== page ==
Matrices and Linear Algebra on the Earliest Uses Pages

This is an INDEX to the Matrix and Linear Algebra entries on Jeff Miller’s Earliest Uses Pages

These pages cover all branches of mathematics. The Words page is organised alphabetically with separate (large) files for each letter (printing out C would take 50 pages, but it’s exceptionally big!) and the Symbols page is organised by subject. The Symbols page has a section Symbols for Matrices and Vectors.

The following is a list of entries on the Words pages. It is only a rough guide to those pages because it is hard to draw a line between matrix terms and general mathematical terms.  Matrix indicates there is material on the Symbols for Matrices and Vectors page and Calculus that there is material on the Symbols of Calculus .page.

There are also indexes of terms used in Vector analysis and the one for Probability and Statistics, one of the many fields in which matrices are used. For a general perspective on word-formation in mathematics see my Mathematical Words: Origins and Sources.

Entries

Affine

Associative

Augmented matrix

## B

Basis

Bra and ket vectors

## C

Canonical correlation

Canonical form

Cauchy-Schwarz inequality

Cayley-Hamilton theorem

Characteristic value etc.

Cholesky decomposition etc.

Commutative

Companion matrix

Condition number etc.

Cramer’s rule

Cross product Matrix

Curl Calculus

## D – E

Del  Calculus

Design matrix Matrix

Determinant  Matrix

Distributive

Divergence Calculus

Dot product  Matrix

## E

Eigenvalue

Elementary operations

Eliminant

Elimination

Equivalent matrix

Field

## G

Gauss-Jordan

Gaussian elimination Matrix

Generalized inverse  Matrix

Gram-Schmidt

Group

Hat matrix

Helmert transformation

Hermitian matrix

Hessian

Hilbert space

Householder transformation

Hyper determinant

## I – K

Idempotent

Identity matrix  Matrix

Inner product  Matrix

Inverse Matrix

## J

Jacobian

Jordan canonical form

## K

Kernel

Kronecker product   Matrix

L  - N

## L

Laplace expansion

Latent value etc.

Law of inertia

Leverage

Linear algebra

Linear combination

Linear dependence

Linear equation  Geometry

Linear transformation

Markov chain

Matrix  Matrixx

Matrix mechanics

Method of least squares  Matrix

Minor

Moore-Penrose inverse   Matrix

Multicollinearity

Nilpotent

Norm  Matrix

Normal matrix

Nullity

Null space

# Outer product

## P

Pauli matrices

Permanent

Perron-Frobenius theorem

Pfaffian

Pivot

Positive definite

Projection

Proper value etc.

QR algorithm

Quaternion

# Rank

Rayleigh quotient

Regression Matrix

Relaxation

## S

Scalar

Scalar product Matrix

Schmidt othogonalization

Schur complement

Schur product

Secular equation

Signature

Similar matrix

Simultaneous equations Matrix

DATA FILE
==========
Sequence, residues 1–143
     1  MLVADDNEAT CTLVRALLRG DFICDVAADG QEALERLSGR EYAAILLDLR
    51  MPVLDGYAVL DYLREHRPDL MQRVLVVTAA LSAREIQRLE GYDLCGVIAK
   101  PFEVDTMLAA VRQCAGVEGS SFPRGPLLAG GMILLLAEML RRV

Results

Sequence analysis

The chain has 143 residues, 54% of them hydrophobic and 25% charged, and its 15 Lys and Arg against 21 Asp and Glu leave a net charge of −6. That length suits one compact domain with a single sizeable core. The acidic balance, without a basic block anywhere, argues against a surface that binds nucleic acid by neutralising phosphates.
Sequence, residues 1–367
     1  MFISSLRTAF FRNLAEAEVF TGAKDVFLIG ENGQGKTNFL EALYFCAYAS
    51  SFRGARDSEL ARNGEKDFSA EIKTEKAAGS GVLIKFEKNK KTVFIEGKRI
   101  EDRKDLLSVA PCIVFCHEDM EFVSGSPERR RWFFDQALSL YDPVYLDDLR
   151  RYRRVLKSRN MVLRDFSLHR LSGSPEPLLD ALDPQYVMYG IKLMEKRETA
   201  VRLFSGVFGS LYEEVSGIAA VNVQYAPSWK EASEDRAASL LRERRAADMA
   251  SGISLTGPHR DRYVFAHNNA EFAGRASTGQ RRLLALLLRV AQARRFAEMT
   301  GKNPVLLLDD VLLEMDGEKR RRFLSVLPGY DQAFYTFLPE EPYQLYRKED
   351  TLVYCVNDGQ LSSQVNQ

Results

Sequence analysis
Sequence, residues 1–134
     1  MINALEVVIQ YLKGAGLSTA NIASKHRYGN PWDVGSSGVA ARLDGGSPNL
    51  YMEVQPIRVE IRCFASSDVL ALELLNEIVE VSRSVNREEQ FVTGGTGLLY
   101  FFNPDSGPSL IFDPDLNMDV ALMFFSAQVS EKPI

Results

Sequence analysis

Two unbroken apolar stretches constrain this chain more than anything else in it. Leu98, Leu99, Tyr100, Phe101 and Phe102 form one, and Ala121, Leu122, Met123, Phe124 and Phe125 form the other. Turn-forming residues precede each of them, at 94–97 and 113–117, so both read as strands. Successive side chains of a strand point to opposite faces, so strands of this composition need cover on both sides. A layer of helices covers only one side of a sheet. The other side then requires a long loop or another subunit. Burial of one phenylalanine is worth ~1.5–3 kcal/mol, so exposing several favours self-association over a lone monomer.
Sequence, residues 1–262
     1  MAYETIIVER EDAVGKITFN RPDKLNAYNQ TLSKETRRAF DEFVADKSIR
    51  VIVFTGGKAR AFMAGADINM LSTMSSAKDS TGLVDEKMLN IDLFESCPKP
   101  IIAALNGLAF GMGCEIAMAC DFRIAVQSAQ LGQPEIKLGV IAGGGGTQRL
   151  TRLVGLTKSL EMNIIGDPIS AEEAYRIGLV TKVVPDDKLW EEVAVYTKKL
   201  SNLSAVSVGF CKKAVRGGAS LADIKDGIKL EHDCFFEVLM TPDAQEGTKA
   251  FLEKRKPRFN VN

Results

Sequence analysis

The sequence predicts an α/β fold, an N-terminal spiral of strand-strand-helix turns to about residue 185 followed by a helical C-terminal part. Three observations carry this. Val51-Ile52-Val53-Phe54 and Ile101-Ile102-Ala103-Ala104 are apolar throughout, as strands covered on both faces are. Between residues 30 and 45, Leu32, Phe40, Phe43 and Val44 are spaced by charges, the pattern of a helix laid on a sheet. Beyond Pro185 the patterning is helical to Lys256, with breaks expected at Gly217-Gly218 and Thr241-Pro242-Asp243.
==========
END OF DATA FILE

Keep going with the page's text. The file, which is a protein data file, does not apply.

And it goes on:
Singular matrix

Singular value decomposition

Skew symmetric matrix

Space

Spectrum

Square matrix

## T

Tensor

Trace

Transpose Matrix

Triangle inequality

Unitary matrix

## V

Vandermonde determinant

Vector  Matrix

Vector space

Wronskian

## Z

Zero matrix  Matrix

History

Although matrices as abstract objects were introduced in the 19th century, historians, such as Katz (ch. 15.5), often begin their account of matrices with the Chinese scholars of the Han period (200-100 BC) who solved linear equations by means of Gaussian elimination. Much of today’s matrix theory was developed in the 18th and 19th centuries as determinant theory; the history of that subject is followed contribution by contribution by Muir. More matrix theory was ‘concealed’ in Hamilton’s quaternion analysis from which developed the vector analysis of Gibbs; this history is given by Crowe. Another relevant parallel story was Die Ausdehnungslehre of Grassmann. The principal architects of matrix theory in the 19th century were Cayley and Frobenius. Monographs on matrix theory in English began to appear in the 1930s and those by MacDuffee and Wedderburn have many historical references. Later the formulations used in functional analysis, particularly in Hilbert space theory, influenced presentations of the theory of finite-dimensional vector spaces.  Kline (ch. 33) begins his account of matrices by emphasising their convenience rather than their mathematical significance and, indeed beginning in the 1920s with the matrix mechanics formulation of quantum mechanics, matrices were adopted in many subjects. Matrices were particularly prominent in the post-war development of numerical analysis; the books by Householder and Farebrother contain much valuable historical information.

References

• Morris Kline Mathematical Thought from Ancient to Modern Times. Oxford University Press, 1972.
• Victor J. Katz, A History of Mathematics: An Introduction. Harper Collins, 1993, or Addison Wesley, 1998.
• Thomas Muir The Theory of Determinants in the Historical Order of Development. Four volumes, 1906-24 (reprinted by Dover Books 1960). A supplement published in 1930 covers 1900-1920.
• M. J. Crowe A History of Vector Analysis .1967. Reprinted by Dover Books 1987.
• C. C. MacDuffee, The Theory of Matrices, Springer 1933.
• J. H. M. Wedderburn Lectures on Matrices  AMS 1934.
• A. S. Householder The Theory of Matrices in Numerical Analysis (1964). Reprinted by Dover Books 1975/2006.
• R. W. Farebrother Linear Least Squares Computations Marcel Dekker 1988.

John Aldrich, University of Southampton, Southampton, UK. (home). Most recent changes June 2010.